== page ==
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QB Broxterman, Speaker at Chemical Engineering Conferences
InnoSyn BV, Netherlands
Title : Industrialization of (catalytic) chemistry in flow


InnoSyn B V is a chemical process R&D organization located at the Brightlands Chemelot Campus in Geleen , The Netherlands . InnoSyn performs ‘invention’, ‘improvement’ and ‘implementation’ R&D services for its customers and strategic partners (www.innosyn.com)

Organic chemistry combined with several types of catalysis and supported by modern chemical engineering constitutes the technological competences of InnoSyn.

This presentation will focus on activities in and results of industrializing (catalytic) chemistry in flow.

The purpose of the vast majority of lab/academic work on flow chemistry (mostly with micrometer wide channels) is generation of knowledge, rather than output of (significant) quantities of chemicals. In contrast (and as a consequence) , few reports exist on challenges in and solutions for manufacturing larger amounts of chemical products using flow chemistry ( typically few kg/hr and higher).

We report here InnoSyn’s results in 3 domains of flow chemistry: the l, l/l, g/l domain, the s/l domain and the g/l/s domain.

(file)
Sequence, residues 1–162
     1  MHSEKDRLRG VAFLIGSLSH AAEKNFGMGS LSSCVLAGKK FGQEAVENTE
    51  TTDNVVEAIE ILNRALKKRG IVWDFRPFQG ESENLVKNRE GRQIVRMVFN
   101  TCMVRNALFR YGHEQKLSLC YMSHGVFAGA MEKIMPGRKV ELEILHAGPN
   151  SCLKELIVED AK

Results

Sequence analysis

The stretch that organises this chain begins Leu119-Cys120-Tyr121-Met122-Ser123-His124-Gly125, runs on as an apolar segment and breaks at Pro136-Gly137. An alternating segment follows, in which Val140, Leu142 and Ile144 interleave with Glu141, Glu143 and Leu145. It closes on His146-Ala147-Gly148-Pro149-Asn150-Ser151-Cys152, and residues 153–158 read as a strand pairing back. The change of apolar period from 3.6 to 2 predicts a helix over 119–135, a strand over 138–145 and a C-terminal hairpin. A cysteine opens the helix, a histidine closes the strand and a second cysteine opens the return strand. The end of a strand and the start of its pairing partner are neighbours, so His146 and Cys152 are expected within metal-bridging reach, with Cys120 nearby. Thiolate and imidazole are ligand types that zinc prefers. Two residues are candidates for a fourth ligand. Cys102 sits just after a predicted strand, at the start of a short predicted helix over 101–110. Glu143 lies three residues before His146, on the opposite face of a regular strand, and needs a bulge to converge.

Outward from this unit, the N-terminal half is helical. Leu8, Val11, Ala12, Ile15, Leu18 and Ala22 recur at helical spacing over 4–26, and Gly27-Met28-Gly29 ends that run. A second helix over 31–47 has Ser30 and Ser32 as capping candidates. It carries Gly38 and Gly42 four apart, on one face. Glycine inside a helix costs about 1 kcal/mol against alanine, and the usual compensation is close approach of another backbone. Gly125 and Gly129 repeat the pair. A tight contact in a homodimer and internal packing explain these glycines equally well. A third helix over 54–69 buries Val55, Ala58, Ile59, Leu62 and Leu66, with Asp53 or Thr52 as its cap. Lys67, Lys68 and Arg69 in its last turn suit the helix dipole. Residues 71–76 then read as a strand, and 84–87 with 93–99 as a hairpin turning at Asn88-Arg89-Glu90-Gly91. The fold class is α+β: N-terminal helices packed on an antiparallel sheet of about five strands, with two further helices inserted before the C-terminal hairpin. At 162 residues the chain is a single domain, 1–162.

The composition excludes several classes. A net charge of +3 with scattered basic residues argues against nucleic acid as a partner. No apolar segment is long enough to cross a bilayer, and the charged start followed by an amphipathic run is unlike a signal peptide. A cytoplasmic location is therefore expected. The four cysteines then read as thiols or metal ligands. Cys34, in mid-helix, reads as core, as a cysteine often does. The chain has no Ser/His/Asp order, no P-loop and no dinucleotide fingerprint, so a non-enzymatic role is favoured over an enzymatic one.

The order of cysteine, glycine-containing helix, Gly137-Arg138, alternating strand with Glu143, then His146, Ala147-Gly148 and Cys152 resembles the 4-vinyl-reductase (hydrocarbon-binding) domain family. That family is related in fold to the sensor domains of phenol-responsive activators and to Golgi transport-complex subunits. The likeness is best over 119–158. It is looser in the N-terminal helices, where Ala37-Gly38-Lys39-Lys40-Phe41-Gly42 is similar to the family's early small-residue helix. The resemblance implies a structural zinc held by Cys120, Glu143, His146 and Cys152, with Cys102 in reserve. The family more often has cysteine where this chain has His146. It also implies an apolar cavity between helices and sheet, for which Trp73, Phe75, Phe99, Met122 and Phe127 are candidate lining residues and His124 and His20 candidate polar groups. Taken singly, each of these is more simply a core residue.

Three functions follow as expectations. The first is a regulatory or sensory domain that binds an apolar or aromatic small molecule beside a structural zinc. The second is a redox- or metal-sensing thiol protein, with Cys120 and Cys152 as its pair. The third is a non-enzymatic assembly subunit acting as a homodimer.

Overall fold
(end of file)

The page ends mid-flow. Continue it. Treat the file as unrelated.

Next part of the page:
The technical challenges are increasing in this order:

  • The l, l/l, and g/l domain: cost-performance (flow should be more cost-effective than batch), and handling of fast and highly exothermic chemistry. Organometal cryogenic flow chemistry is an example. The fundamental issues are largely solved.
  • The s/l domain: the same challenges as above. On top of this: issues around solids like potential clogging or deposition of solids in the (flow) system. Additionally, dosing solids as slurry is certainly in the R&D phase not trivial. Examples include Grignard and Reformatsky chemistry (formation and use). This domain is under active development.
  • The g/s/l/ domain: On top of the challenges above: mass- and heat transfer limitations in the flow system , as a consequence of typical chemistries in this domain, have to be overcome. 3-Phase hydrogenation using a heterogeneous catalyst is a prominent example. This domain is under active development.


Q.B. (Rinus) Broxterman (1956) got his PhD degree in 1985 at the University of Groningen (The Netherlands) on an organic chemical topic. He worked for 3 years at an F & F company. From 1988 to April 2017 he worked for DSM in Geleen (NL) in several R&D functions. For more than 10 years he has been Corporate Scientist Chemistry &Catalysis. From May 01, 2017, he is CTO of InnoSyn B V. InnoSyn BV is –since May 01, 2017 - an independent chemical process R&D company in Geleen.